I'm a children's librarian (in Boston, Massachusetts), so I have seen a lot of the UK/US variations in children's books. Mostly they are dependent on who published first, and whether or not the other publisher is interested in taking the time and effort to change the words or spelling for the "home" edition. With Harry Potter, the concern _was_ that US children wouldn't know what a philosopher's stone was, and also that they wouldn't touch the book without something more recognizable in the title. Foolish mortals.
I've been reading British mysteries and books, and watching Dr. Who, and various sitcoms for years, so very little of the vocabulary baffles me. And the children I know who have heard about the controversy think it's nonsense. As one of my young patrons said. "If I can figure out what Quidditch is, I can figure out what a lorry is too."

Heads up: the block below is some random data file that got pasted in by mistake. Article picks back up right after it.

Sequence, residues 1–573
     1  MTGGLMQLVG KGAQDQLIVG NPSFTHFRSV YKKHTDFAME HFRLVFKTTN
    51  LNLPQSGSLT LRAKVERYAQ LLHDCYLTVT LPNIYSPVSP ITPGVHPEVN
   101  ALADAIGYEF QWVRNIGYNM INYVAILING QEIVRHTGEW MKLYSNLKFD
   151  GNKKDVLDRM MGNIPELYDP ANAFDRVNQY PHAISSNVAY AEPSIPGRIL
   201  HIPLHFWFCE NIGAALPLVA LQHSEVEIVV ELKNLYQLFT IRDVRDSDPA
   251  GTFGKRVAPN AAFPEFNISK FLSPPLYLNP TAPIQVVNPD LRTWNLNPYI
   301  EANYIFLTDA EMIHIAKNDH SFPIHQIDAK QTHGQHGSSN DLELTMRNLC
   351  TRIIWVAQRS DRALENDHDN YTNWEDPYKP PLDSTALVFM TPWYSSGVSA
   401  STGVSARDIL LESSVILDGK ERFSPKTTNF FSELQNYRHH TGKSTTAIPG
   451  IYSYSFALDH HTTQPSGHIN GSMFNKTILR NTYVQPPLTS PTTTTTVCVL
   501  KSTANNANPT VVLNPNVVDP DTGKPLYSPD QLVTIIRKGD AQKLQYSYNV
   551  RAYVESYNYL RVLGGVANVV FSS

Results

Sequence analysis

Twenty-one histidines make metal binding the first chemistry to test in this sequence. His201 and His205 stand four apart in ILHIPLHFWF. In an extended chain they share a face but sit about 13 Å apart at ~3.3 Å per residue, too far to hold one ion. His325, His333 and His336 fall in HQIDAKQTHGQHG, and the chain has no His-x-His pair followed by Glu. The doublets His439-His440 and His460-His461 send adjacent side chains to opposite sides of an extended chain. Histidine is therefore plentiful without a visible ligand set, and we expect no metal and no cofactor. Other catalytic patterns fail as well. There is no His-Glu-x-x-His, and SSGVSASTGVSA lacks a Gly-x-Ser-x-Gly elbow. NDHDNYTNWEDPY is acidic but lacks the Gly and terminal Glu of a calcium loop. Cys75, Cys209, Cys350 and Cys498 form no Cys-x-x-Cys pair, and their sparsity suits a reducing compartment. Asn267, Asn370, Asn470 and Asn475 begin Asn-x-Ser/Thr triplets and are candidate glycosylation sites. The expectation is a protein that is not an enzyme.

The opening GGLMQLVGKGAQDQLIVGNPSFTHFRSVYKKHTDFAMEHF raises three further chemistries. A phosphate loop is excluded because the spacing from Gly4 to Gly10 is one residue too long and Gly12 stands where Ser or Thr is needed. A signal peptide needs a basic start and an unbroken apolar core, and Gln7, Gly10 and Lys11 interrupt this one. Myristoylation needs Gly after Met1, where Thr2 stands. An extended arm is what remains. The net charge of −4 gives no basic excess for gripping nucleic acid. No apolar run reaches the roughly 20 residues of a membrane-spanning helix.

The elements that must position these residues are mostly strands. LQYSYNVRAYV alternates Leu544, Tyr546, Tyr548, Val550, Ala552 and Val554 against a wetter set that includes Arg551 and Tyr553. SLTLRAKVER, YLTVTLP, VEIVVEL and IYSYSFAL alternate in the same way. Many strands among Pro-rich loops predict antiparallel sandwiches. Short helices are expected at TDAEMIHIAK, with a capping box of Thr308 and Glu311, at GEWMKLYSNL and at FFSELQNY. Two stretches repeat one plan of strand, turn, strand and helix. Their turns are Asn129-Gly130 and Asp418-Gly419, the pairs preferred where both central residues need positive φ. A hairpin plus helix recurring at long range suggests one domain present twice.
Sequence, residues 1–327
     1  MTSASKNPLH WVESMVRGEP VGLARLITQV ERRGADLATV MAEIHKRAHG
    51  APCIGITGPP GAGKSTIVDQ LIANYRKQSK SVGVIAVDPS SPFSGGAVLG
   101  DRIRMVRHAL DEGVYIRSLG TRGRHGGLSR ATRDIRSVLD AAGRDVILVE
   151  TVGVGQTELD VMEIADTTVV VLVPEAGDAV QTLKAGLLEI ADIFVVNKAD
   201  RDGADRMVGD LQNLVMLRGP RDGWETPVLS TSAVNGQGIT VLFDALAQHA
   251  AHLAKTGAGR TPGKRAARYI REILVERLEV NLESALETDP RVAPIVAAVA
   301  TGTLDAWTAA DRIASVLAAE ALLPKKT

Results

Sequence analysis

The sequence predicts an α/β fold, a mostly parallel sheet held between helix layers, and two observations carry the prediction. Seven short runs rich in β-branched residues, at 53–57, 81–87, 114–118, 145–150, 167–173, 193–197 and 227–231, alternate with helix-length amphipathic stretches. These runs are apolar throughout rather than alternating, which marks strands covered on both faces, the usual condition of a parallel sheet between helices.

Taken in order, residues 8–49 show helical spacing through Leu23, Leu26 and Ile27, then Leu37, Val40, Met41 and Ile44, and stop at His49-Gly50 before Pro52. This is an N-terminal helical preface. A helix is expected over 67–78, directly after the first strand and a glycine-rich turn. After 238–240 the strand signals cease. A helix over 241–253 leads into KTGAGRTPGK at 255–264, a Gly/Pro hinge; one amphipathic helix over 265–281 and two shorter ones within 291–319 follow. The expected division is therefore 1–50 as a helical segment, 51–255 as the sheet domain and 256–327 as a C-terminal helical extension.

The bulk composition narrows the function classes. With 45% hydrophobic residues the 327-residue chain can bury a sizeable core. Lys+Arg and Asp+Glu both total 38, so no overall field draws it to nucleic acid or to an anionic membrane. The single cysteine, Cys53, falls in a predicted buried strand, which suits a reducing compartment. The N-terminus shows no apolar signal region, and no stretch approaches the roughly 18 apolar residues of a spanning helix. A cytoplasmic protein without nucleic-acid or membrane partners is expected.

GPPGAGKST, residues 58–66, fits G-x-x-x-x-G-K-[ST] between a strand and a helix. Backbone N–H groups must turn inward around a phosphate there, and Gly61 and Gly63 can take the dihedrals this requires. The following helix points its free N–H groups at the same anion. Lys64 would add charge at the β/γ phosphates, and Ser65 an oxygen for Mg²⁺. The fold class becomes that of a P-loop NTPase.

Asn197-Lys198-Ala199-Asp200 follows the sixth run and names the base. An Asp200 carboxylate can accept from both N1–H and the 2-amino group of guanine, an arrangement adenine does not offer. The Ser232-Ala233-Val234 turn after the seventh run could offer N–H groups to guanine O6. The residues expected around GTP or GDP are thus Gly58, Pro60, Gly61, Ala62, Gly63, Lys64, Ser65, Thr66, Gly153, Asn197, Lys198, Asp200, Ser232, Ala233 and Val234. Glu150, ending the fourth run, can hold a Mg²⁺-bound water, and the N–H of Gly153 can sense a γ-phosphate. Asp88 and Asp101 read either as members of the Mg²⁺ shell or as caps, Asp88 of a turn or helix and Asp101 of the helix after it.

One of the differences I noticed is that the UK TV-movie tie-ins are better than the US versions. I still have a lovely fat book called "The Further Adventures of Oliver Twist" from one trip across the pond. And I have both the US and UK editions of a Six Million Dollar Man book. (The one with Bigfoot.) There are twice as many words in the first chapter of the UK edition. Longer ones too.